This first tapestry shows Tim as a baby reaching for his mother’s phone as she gets ready for a night out with her friends in their working class living room, whilst the grandmother waits to babysit. (By the way, if anyone can shed any light on what is going on with granny’s leg please please please tell me it’s driving me mad!!) Tim is seen a second time in this tapestry as he waits at the bottom of the stairs as an older child underneath a framed photo of his absent father – this can be read as pretty autobiographical, the father is even on a motorcycle which is pretty significant to Grayson Perry’s own life.


The Agony in the Car Park


Tim appears in this tapestry which shows Sunderland twice again – once with his step-grandfather in the allotments and again cringing as his stepfather sings at a local club. The tale of this tapestry is that Tim’s stepfather is being promoted and the couple waiting at the bottom right are the call centre manager and Mrs Thatcher who are inducting the family into the middle class.


Expulsion from Number 8 Eden Close


This tapestry shows Tim as a university student with his middle class girlfriend after some sort of fall out with his parents. Jamie Oliver, who Grayson refers to as ‘the god of social mobility’ watches over the scene as Tim becomes more middle class and enters the world of the dinner party.


The Annunciation of the Virgin Deal


In this tapestry, the newspaper headlines tell of Tim’s financial success as his eco-friendly well dressed family lounge in their upper-middle class home. One of my favourite parts of this image is the self-portrait in the mirror on the wall which is references Jan Van Eyck’s The Arnolfini Marriage.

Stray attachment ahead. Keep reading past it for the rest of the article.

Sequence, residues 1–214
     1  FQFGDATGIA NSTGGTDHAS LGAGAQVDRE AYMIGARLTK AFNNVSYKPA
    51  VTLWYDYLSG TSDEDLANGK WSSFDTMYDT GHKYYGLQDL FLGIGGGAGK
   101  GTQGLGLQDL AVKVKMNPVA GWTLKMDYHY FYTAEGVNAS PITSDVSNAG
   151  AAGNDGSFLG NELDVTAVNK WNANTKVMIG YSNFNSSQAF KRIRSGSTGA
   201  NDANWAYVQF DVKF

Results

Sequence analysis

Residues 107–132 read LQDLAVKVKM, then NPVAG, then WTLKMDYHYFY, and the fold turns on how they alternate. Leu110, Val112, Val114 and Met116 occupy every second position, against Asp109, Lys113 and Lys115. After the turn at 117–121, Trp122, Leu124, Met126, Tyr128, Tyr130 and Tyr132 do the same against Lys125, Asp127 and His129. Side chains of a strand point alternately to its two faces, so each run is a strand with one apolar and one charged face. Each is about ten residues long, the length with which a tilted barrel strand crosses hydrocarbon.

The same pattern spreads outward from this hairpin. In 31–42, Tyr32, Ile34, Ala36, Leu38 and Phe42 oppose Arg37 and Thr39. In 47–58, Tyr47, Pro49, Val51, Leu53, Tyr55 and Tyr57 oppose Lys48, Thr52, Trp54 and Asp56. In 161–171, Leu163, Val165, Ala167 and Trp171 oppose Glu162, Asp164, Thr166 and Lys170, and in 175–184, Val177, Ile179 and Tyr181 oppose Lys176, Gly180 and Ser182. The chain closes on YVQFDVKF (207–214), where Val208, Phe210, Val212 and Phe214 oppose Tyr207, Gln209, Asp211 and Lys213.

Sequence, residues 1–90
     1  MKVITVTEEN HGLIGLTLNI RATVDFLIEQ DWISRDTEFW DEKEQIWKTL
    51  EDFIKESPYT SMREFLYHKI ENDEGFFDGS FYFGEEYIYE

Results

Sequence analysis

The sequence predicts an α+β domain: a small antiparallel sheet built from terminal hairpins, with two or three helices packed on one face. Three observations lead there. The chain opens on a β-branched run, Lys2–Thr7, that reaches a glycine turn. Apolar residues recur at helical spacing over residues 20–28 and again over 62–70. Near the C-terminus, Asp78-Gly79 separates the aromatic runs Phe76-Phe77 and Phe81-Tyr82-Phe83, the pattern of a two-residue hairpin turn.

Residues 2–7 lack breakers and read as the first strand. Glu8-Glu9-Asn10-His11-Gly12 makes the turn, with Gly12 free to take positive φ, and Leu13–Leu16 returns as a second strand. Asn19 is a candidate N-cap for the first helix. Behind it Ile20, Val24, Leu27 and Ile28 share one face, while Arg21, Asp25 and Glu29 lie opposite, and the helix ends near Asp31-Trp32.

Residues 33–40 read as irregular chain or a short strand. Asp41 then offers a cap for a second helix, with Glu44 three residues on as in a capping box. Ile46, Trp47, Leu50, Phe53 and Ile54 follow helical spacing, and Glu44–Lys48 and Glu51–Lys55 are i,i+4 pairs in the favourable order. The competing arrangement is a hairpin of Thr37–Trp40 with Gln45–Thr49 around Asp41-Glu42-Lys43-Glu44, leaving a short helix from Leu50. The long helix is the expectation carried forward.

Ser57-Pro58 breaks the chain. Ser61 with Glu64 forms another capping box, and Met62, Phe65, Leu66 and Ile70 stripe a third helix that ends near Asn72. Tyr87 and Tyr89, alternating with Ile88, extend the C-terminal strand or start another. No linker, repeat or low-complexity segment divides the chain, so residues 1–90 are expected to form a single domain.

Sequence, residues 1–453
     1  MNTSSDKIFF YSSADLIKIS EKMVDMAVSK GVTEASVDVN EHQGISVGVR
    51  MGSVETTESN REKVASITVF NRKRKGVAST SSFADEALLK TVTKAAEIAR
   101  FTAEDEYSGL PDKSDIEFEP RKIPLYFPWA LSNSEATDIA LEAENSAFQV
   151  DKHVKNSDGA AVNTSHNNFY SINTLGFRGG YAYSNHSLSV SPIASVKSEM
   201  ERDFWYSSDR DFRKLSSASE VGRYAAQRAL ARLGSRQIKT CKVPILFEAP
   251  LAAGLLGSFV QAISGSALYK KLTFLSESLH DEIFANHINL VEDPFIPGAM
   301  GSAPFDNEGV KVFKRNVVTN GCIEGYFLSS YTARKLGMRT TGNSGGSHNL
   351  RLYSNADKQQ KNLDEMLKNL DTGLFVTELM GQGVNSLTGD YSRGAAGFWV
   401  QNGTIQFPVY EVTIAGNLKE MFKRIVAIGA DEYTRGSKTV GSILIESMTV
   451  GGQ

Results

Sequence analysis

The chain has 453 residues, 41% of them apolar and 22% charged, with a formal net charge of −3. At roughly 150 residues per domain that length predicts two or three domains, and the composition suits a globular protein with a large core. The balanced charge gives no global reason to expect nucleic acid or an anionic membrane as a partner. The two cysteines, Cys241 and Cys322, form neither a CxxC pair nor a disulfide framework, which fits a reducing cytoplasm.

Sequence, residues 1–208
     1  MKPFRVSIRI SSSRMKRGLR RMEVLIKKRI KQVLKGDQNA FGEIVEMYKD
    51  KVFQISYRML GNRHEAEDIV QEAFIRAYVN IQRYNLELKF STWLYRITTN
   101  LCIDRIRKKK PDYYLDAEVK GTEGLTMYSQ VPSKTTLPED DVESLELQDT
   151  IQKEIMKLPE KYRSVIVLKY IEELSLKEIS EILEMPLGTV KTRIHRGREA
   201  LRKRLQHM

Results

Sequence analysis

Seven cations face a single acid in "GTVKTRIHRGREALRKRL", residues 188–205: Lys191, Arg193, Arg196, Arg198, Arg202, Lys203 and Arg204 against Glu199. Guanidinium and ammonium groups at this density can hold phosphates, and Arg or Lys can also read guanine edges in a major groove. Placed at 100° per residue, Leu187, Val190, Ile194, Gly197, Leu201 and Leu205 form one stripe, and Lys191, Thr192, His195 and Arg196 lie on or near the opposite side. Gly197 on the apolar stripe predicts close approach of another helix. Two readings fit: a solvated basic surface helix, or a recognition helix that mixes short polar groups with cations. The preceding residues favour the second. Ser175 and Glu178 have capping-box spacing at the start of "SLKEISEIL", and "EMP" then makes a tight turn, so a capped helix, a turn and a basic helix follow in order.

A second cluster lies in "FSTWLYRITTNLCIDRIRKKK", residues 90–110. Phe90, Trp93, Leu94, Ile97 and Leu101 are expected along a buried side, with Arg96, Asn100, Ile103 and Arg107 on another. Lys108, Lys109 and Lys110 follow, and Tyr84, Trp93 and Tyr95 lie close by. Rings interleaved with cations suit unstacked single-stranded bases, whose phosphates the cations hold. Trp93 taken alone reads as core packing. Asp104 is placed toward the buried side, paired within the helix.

The Upper Class at Bay


This tapestry shows Tim as the owner of a stately home whilst the aristocrat who he has bought out lies tattered and attacked on the ground with the dogs of fuel bills, social change and upkeep tearing away at him.



The final tapestry shows Tim with his new girlfriend as he lies dead after a car crash and the expensive contents of the car lie strewn across the road. The off-duty nurse who holds him as he dies is wearing the same outfit as his mother was in tapestry one as Tim’s life has come full circle.

I love the narrative that flows through Grayson’s work and the hidden symbols that are present in every tapestry making them all so rich in detail. The exhibition ends this Sunday 3rd July so you haven’t got long to catch it, but I would really recommend it if you have chance. It’s also pretty fun to find Grayson’s signature in each tapestry as it is hidden in each one.